The AppStore is just bait: consumers buy Apple products to get access to virtually "free" software, and developers support it to get access to the consumers. Problem is, race to the bottom is well in effect now ... and Apple is loving it, and laughing all the way to having $100bn cash in the bank. (in a way, this is true free market at work - economics states that prices move towards zero, profits become increasingly hard to make, and consumers benefit ... except that the hardware side is a 100% monopoly for the Apple API).

Truthfully, Apple should be *paying* developers to make AppStore products - if all developers jumped ship (and took their products with them), Apple would be the ones suffering .. a lot more than devs would. Maybe people will wake up to this fact in a year or two...
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Tom Keresztes Programmer 9 years ago
I question the long term viability of arguments wich reinforces your business model. It works for some, and dont for others. Besides, the same can be said about PC and maybe DS.
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Peter Warman CEO & Co Founder, Newzoo9 years ago
Hmm, I do not really know where those low revenue figures come from because in December 2011 the number 1 iPhone game in the UK made $310,000 revenues (incl. 30% for Apple) and nr 1 iPad game $130,000. I think that should be interesting to any developer. 74% of all iOS revenues in Europe were generated in-game that month. The opportunity is extending your existing IP to the mobile platform with the core functionality and business model that suits the platform best, e.g. managing your character or virtual items. I see to many developers put too much effort in redeveloping their complete game for mobile.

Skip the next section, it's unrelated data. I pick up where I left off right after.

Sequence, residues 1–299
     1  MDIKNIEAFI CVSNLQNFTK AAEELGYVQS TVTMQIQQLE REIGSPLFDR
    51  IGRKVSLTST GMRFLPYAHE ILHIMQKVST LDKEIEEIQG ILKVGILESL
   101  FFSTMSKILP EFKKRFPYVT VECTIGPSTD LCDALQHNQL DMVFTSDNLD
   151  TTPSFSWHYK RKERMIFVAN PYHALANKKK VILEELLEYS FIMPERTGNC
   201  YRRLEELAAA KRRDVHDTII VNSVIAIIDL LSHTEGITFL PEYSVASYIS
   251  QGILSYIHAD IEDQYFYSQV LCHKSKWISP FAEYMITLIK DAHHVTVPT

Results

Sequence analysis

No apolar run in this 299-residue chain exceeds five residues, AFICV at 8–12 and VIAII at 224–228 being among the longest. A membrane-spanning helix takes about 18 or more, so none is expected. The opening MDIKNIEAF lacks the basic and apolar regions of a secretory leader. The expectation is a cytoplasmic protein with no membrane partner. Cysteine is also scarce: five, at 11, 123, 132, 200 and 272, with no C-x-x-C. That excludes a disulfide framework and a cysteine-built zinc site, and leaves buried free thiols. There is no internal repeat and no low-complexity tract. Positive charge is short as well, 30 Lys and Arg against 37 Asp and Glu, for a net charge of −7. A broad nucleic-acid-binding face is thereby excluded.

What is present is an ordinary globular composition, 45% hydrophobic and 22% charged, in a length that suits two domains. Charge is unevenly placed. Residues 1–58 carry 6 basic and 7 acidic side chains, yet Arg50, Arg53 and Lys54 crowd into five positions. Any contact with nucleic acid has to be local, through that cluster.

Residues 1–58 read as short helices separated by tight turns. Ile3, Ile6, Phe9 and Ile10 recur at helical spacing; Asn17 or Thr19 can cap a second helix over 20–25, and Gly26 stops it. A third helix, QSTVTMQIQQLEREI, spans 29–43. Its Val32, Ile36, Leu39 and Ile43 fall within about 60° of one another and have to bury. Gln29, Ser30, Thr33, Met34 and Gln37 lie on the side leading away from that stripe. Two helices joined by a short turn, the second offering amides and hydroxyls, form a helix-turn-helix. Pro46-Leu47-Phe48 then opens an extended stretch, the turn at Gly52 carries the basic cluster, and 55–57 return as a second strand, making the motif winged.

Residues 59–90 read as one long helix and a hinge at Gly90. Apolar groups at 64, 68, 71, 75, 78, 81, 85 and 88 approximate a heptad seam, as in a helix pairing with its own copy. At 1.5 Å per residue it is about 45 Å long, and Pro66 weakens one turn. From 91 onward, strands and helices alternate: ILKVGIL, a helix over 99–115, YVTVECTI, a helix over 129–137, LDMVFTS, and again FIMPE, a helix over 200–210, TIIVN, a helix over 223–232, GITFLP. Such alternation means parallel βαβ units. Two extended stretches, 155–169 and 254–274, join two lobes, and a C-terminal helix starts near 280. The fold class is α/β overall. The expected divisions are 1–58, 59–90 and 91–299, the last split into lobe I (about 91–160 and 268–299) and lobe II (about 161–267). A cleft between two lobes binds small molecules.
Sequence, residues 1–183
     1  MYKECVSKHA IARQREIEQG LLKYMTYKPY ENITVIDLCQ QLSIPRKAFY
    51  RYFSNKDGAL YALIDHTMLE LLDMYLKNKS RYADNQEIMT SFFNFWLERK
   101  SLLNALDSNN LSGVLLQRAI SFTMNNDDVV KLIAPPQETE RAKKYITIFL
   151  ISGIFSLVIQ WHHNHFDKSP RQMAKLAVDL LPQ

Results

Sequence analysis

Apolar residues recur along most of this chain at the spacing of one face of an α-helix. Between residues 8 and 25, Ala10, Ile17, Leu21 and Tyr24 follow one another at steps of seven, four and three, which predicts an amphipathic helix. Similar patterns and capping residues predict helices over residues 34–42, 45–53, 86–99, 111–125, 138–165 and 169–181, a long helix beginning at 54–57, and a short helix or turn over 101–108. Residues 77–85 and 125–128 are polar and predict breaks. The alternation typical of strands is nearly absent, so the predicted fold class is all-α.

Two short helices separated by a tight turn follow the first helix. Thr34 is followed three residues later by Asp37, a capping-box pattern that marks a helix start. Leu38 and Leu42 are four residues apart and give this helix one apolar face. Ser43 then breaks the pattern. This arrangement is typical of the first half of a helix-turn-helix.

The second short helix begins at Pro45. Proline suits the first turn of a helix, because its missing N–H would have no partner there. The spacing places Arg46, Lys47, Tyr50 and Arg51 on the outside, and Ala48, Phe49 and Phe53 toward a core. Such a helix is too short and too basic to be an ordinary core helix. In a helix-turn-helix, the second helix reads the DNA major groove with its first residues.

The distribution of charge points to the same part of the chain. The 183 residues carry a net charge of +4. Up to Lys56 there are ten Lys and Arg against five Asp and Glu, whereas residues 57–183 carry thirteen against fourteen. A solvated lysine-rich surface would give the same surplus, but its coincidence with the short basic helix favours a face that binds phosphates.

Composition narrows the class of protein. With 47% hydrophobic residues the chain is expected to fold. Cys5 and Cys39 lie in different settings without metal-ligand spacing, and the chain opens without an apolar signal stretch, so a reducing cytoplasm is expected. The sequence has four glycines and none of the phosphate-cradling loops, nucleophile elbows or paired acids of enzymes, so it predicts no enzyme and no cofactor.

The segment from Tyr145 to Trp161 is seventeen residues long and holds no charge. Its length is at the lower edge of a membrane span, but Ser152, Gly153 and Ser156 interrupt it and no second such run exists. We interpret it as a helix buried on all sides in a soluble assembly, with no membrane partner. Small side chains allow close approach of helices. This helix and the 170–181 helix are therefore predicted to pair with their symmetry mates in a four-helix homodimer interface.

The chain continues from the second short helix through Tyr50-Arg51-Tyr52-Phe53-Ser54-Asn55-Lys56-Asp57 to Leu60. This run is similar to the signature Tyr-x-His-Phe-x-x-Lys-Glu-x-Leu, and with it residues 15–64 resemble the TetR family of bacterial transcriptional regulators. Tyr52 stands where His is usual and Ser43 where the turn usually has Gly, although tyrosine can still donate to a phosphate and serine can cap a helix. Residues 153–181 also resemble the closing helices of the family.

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Wojtek Kawczynski Managing Director, Studios, TransGaming Inc.9 years ago
As long as *some* developers are making money on the app store, others will continue to try. The "shine" may come off the app store as more and more stories emerge showing how hard it is for an indie to survive but I don't see it going away any time soon.

If Apple's app store revenues start to go down, then they'll do something to try to spread the wealth more broadly to get more developers back on their platform (redesign, change of business model, better discovery etc...) but as long as there are consumers willing to pay, the app store will survive and developers will keep making games.